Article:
First EUscreen International Conference on Content Selection Policies and Contextualisation

Date: 7-8 October 2010.
Location: Casa del Cinema. Largo Marcello Mastroianni 1, Rome, Italy.

EUscreen has organized a two-day conference on content selection policies and contextualisation in the audiovisual domain, to be held in Rome on October 7 and 8 2010. The conference will focus on contextualisation of audiovisual material, especially in the academic field. The conference programme is still under construction, but the first day includes a plenary session focussing on contextualisation of audiovisual material with keynotes and presentations of use cases. The second day comprises two workshops: one on European IPR legislations in the audiovisual sector and the impact on the exploitation of audiovisual and television archives, and one on best practices and guidelines for digitising  audiovisual heritage. Attendance at the conference is free but online registration is required.

Confirmed speakers

  • Prof. Andrew Hoskins, Professor of Cultural Studies at Nottingham University on media, digitization and memory.
  • Dr. Lilian Landes, scientific co-ordinator of the project at Bavaria State Library on creating a European Open Access infrastructure for historical reviews.
  • Dr. Alec Badenoch, from Utrecht University on Making Europe, virtual exhibits on European cultural heritage.
  • Johan Söderberg, lecturer and filmmaker from Sweden on using and reusing archival material in his works, like the series “Read my lips”.
  • Dr. Tibor Hirsch, from Film Studies at ELTE University on using digitized material in a creative way to help students understanding the language of film and television.
  • Dr. Andreas Fickers, from the Art and Social Sciences at Maastricht University on audiovisual source critique in the age of the web 2.0.
  • Peter B. Kaufman, President and executive producer of Intelligent Television. He is also the author of “Marketing Culture in the Digital Age: A Report on New Business Collaborations between Libraries, Museums, Archives, and Commercial Companies”.
  • Prof. John Ellis, Professor of Media at Royal Holloway – University of London.

More information about the conference can be found here.

Today book release “Archives 2020” by Virtueel Platform about digital archives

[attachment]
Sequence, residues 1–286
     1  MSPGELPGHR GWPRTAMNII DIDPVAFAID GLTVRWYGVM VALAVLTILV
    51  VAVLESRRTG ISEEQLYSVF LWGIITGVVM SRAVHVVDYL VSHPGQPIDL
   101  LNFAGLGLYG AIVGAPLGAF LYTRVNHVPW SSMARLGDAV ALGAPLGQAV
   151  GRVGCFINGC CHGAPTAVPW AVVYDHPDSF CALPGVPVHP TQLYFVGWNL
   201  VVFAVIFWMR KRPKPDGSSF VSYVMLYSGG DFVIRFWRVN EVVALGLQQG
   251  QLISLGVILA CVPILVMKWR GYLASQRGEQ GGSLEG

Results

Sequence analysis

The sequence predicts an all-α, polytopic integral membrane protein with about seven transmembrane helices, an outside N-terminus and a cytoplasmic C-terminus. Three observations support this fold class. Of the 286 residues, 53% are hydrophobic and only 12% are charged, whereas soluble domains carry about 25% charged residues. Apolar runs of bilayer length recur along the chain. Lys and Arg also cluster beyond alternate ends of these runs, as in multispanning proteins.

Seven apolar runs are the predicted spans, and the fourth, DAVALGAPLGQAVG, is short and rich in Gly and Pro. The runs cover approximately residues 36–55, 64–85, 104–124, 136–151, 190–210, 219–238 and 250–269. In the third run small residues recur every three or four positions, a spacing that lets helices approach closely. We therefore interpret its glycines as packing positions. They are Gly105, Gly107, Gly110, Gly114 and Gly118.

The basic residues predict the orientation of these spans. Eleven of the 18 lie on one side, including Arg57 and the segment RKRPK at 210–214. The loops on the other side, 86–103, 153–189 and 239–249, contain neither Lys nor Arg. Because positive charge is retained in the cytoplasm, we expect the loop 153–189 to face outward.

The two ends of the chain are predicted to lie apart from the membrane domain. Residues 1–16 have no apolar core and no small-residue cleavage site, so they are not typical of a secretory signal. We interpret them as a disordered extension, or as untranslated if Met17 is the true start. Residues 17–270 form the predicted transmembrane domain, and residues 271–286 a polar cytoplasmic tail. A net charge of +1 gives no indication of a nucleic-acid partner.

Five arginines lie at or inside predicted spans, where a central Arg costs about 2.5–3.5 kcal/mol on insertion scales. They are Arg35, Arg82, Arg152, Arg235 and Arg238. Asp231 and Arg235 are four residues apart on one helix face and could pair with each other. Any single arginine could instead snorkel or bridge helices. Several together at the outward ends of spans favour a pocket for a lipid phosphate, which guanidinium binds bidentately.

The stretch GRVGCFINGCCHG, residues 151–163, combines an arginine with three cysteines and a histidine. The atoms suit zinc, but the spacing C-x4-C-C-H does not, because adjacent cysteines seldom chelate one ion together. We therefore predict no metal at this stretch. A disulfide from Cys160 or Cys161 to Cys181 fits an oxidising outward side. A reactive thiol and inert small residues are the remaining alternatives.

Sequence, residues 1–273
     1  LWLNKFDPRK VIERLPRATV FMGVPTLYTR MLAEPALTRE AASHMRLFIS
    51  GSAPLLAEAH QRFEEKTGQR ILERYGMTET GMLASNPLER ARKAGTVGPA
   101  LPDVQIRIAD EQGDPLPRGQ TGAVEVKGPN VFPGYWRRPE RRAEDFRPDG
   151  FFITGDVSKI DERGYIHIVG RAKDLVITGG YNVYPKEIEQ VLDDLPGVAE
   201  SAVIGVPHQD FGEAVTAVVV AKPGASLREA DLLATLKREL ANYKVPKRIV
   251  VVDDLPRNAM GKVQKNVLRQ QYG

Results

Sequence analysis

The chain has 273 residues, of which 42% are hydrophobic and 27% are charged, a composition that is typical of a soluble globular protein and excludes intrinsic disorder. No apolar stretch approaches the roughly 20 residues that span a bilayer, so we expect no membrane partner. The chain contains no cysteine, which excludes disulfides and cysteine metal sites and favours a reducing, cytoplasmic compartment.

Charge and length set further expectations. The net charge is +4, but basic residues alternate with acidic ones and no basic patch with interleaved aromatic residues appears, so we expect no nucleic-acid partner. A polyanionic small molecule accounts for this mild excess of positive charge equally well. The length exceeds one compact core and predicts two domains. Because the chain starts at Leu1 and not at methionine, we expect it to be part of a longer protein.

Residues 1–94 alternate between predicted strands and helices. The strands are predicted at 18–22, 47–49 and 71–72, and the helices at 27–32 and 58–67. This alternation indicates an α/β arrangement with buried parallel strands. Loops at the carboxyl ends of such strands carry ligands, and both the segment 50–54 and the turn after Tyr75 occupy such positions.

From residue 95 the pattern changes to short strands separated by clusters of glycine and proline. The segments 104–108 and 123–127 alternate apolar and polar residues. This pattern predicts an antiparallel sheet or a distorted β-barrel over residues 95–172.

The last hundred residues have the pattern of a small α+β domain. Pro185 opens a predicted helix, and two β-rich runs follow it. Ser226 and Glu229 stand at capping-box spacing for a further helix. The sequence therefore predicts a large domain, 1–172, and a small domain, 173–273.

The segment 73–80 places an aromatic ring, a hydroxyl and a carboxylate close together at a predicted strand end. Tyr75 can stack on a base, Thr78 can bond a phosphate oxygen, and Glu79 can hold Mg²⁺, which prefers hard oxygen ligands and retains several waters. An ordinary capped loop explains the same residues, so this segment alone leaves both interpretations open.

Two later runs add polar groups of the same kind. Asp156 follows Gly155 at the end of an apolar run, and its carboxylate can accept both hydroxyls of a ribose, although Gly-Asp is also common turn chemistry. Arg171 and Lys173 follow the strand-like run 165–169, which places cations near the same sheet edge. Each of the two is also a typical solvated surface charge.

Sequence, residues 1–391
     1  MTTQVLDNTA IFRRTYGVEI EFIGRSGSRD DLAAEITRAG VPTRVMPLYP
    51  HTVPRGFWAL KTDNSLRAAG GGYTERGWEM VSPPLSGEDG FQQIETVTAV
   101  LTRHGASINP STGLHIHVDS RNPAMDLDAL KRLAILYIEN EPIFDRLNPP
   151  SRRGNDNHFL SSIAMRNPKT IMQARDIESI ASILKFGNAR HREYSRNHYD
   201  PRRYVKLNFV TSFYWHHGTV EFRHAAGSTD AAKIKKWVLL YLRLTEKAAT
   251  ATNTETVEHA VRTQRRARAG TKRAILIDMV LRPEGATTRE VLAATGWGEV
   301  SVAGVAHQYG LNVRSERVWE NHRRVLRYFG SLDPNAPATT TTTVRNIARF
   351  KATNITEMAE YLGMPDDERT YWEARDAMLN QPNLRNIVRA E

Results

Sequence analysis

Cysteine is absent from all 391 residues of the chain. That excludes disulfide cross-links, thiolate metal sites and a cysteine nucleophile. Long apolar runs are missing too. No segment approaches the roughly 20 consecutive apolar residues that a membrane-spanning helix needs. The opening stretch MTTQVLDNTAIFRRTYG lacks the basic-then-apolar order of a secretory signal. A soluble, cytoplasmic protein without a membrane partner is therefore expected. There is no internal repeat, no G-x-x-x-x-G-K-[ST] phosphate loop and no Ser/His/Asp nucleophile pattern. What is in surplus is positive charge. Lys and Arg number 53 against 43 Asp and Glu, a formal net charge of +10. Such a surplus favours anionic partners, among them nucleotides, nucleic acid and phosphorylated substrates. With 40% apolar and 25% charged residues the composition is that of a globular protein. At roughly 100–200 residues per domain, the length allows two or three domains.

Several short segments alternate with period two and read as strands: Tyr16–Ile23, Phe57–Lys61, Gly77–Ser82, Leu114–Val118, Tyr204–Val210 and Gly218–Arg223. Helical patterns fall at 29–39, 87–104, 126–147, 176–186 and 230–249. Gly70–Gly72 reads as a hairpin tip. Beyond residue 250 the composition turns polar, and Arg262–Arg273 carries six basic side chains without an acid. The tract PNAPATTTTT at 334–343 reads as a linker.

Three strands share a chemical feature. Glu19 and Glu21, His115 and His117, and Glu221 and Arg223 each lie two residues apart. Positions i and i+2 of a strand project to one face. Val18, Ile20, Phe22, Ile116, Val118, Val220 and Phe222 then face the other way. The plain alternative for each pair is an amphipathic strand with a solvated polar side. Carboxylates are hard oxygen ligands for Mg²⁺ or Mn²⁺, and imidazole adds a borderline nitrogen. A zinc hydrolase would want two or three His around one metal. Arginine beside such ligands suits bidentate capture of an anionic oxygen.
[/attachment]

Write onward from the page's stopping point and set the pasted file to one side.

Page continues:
By Wietske van den Heuvel

The book Archive2020 – Sustainable Archiving of Born-Digital Cultural Content discusses the many issues that arise when digital content is being archived. Although a lot of material currently is being digitised, other digital material threatens to disappear from the public domain. This is due to software and hardware developments, migration issues and the rise of fast Internet connections. Together with experts from the field of digital archiving, the Virtueel Platform conducted a research on the sustainability of digital archives, content and culture. The book can be downloaded as a pdf or ordered for free, both on the website of Virtueel Platform.

More resources needed for Europeana on-line library

Press release by the European Parlement

“The EU’s on-line library, museum and archive – Europeana – needs content from more Member States and further EU funding, according to MEPs. Access to the portal’s material without downloading should be free but copyright must be respected, says a resolution adopted by Parliament on Wednesday.
Online since November 2008, Europeana now contains about 7 million digitised works, including books, maps, film clips and photographs. Almost half of the contributions to it (47%) come from France; other big contributors are Germany (16%), the Netherlands (8%), and the UK (8%). In 2011 will be more multilingual and include semantic web features. The Europeana office is hosted by the Dutch Royal Library in The Hague.

More contributions and funding needed